Encouraging students to work together is often a challenge. Some students worry that they’ll be saddled with peers who won’t pull their weight. Some students are super-shy and the idea of approaching others to work together can be terrifying. And still others don’t want to work in a group because their friends aren’t in the class, because they think the assignment isn’t worth their time, or because they’re just “too cool.” In such cases, students may decide that working in a group isn’t worth their time and that it would be easier for them to just do the work themselves.
However, group work teaches a host of important skills that students can’t develop as effectively when working alone. Group work, particularly in the drama classroom, is important and necessary because:
Theatre is a collaborative effort, and each student will come to the group with different thoughts, ideas, goals, and expectations for the project. Just because one student has a whole bunch of brilliant ideas doesn’t mean that the rest of the group won’t have equally great ideas. Working in a group encourages students to keep their egos in check and to be open to new and different ideas on how to approach the project.
Continuing on with the previous point, while students may have brilliant ideas, those ideas won’t be of any use if students can’t express themselves. Working in a group challenges students to communicate effectively. Whether it’s speaking up when another group member is steamrolling over everyone else’s ideas, solving a problem that has the group stumped, or dealing with conflict between group members, communication is key.
How can students ensure that they are all heard and can contribute equally to the group work process? Here’s a method for brainstorming ideas (for a scene topic, a playwriting prompt, etc.).
As well, it’s important for students to communicate their expectations for success within the project. Students should take some time with their group members to describe what they feel are acceptable and unacceptable levels of participation and completion within the parameters of the project, as well as insight into other group members’ feelings about deadlines, the delegation of jobs, and so on. This gives them a greater level of understanding of each other and will help them to manage their expectations, both of themselves and of others within the group.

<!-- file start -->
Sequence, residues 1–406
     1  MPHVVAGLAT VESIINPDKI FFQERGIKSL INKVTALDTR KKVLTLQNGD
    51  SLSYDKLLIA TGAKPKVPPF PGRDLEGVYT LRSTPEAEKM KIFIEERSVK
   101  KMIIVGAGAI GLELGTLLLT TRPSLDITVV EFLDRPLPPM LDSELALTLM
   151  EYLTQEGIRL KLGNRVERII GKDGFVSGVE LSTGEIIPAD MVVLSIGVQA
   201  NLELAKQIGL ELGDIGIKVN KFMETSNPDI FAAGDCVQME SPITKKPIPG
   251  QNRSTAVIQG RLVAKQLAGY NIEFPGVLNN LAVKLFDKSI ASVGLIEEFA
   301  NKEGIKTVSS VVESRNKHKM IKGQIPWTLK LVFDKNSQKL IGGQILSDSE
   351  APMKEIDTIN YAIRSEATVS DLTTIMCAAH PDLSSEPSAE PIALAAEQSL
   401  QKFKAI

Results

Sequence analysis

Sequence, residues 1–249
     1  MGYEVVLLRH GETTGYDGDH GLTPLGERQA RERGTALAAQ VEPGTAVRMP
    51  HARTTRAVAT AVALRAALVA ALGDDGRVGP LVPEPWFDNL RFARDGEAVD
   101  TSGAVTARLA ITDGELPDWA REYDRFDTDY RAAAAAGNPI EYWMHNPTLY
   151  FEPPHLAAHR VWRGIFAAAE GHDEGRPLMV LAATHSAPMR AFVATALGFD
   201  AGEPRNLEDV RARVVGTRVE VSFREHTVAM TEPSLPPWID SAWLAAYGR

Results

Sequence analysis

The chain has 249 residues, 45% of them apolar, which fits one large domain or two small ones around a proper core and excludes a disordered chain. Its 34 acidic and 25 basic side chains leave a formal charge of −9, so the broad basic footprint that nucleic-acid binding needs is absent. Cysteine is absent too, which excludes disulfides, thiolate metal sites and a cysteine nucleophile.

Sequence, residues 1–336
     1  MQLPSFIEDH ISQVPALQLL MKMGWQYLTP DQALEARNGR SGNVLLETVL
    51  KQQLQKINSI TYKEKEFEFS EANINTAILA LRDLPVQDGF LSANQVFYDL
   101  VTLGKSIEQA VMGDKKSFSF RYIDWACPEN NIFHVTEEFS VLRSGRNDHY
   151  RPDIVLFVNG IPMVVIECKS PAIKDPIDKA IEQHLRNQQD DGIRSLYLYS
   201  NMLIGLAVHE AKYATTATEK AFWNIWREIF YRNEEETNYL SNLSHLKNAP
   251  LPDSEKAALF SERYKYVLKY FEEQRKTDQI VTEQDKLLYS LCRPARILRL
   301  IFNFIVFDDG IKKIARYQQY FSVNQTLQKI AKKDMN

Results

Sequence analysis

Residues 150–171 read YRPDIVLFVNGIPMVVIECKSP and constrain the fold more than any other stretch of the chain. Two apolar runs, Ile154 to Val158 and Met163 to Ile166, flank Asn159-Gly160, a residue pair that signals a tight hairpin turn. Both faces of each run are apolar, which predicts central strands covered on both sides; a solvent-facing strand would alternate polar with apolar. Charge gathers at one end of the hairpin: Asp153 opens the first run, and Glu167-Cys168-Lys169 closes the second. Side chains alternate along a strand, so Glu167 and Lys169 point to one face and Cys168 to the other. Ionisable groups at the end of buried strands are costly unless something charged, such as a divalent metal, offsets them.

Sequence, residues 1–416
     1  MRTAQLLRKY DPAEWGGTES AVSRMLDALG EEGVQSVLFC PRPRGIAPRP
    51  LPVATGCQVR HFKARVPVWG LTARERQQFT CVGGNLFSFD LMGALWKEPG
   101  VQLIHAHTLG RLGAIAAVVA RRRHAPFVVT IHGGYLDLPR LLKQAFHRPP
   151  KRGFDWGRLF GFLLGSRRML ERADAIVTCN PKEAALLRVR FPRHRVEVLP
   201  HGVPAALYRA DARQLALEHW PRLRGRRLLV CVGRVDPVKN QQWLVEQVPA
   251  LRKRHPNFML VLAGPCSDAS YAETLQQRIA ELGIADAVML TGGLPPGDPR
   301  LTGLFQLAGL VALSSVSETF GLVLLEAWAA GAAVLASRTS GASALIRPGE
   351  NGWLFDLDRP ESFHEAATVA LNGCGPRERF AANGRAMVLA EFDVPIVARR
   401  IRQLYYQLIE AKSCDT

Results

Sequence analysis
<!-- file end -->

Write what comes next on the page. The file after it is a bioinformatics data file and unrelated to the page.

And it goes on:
As do-it-all directors and teachers, we know how stressful trying to do everything ourselves is. Now add on top of that additional classes, homework, part-time jobs, extracurricular activities, home life, friendships, and all the other worries and challenges facing students on a daily basis, and it becomes quite clear that students need to learn how to delegate group work.
For example, if groups are staging a scene, perhaps one group member can be in charge of writing the scene while another one is in charge of editing. And another group member directs while a fourth group member is in charge of finding props and costumes. This way, each member is able to contribute – either in an aspect they feel confident about or in an aspect they want to learn more about. Both are beneficial!
This can be a difficult one. Students can listen, communicate, and delegate. But when it comes down to the nitty-gritty of actually doing the work, students have to trust that the rest of the group is going to come through and complete their portion of the project. It’s not easy, but it’s part of the process!
Students need to learn to understand and work with students from different backgrounds, with different abilities, and with different levels of experience. Just because something is easy for one student doesn’t mean it is so simple for another. Furthermore, having different thoughts, opinions, and ideas in a group is a great thing because it encourages students to be more open-minded and develop a deeper understanding of others. It creates a richer, more diverse starting point for developing new and interesting theatrical creations.
Click here for two Reflections for students.